Experts also explain that there is a difference between bribery and offering rewards or incentives for positive behavior. For example, it would be fine (and not considered bribery) to offer your child a shopping spree reward for completing three months of Hebrew school.
Some would mistake this for a bribe, but it’s really an incentive for a job well done. What makes a bribe a bribe is paying your way to get cooperation for simple everyday things like being polite, doing chores, and being patient. These cases need to be limited, because you don’t want to instill in your children the understanding that they aren’t required to behave and listen unless they’re getting something out of it. Try employing reward-free logic first and turn to bribery as a last resort.
Children need “quality time.”
It’s believed that the concept of quality time was originally coined to reassure parents who had fewer hours to spend with their kids that the focused, uninterrupted time that they spent with their children was better than the hours and hours of unfocused time that other parents did.
However, research shows that both quality and quantity time with children are equally valuable, and really, any time spent with kids is considered important.
Researchers found that quantity time (time spent with kids in an unscheduled manner, also known as “hang-out”) was just as beneficial as quality time to the well-being of a child. They concluded that the key was to have a balance of both.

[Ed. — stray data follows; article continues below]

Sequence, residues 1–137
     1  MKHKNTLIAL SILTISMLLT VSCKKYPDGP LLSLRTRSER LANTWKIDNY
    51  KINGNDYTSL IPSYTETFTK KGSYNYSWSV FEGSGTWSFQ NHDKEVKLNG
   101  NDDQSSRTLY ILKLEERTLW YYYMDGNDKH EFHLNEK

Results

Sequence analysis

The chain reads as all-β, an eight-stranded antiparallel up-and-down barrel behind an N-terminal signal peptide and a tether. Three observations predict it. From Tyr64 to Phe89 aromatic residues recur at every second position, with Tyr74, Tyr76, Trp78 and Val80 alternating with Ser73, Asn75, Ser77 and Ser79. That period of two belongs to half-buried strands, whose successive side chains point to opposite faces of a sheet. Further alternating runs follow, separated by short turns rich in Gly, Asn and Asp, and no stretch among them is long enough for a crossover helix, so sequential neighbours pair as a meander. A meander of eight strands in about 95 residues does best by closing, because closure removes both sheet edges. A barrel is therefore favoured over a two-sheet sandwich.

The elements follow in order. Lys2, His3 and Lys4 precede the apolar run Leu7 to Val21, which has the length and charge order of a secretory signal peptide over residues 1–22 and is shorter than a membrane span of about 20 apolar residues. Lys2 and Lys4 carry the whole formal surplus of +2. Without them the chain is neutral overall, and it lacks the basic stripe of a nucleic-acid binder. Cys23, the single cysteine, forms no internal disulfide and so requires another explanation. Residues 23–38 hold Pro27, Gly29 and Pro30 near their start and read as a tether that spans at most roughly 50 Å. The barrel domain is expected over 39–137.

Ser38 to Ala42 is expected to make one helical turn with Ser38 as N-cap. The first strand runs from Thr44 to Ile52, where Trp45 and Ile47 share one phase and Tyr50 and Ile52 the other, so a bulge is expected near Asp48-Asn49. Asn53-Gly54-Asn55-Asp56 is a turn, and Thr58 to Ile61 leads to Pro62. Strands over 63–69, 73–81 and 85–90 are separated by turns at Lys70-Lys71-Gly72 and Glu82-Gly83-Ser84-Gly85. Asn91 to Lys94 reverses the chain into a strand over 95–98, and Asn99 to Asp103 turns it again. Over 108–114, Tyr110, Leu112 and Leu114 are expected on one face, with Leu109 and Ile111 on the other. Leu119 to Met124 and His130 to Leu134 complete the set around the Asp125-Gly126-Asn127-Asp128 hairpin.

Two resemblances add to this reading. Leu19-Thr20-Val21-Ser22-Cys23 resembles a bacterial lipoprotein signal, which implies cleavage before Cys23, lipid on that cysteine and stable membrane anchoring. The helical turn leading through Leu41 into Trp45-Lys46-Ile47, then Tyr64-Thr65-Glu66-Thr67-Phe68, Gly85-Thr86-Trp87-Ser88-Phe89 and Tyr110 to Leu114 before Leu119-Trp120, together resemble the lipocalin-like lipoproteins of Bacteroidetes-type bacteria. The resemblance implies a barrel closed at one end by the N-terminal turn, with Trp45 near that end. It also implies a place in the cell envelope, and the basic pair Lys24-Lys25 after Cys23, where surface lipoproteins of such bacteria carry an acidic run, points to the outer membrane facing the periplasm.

Oftentimes, the weight gets shifted too far in one direction and a child ends up getting pummeled with too much of one and not enough of the other. As long as a parent recognizes it and slowly makes the shift to more balanced parenting, the kids end up happy and healthy!
If you don’t discipline your child for every misdeed, they’ll end up bratty.
Have you ever heard the phrase “pick your battles”? It was indeed created for issues that arise with children. You can’t respond to every misdeed with a firm response—you’d spend your life battling!
Child behavioral experts explain that what matters more than consistency is your children knowing when you’re serious and mean business.
It’s fine for them to think that they may have gotten away with something, or that you’re being lenient, as long as they recognize when you’re serious and that they need to rope their misbehavior in.
Experts say it’s important to stand your ground when you do mean business so that kids can recognize the signs that they’ve crossed the line and know their boundaries.
Parents shouldn’t fight in front of their children.
This statement could be myth or truth depending on how parents fight. If you and your partner can fight maturely without screaming, blaming, cursing, and being abusive, then it’s a good thing for your kids to see you fight.
Children learn a lot from their parents’ behavior. Through observing calm, blame-free yet heated discussions, children learn conflict resolution and how to do it properly to keep communication open and relationships healthy.
Arguing is a component of every good relationship, and by disagreeing and working toward resolution, children learn how to model this behavior in their own relationships. Constant bickering, manipulative tactics, and verbal abuse benefit no one. If you see that your argument is headed in that direction, it’s best to put it on pause and continue the fight behind closed doors—away from the kids.
Another reason to put a fight on pause in front of the kids is if the fight is about the children and parenting them. Experts warn that making kids privy to this information is never helpful, and parents (regardless of their individual opinions) need to present themselves as a united front when it comes to parenting.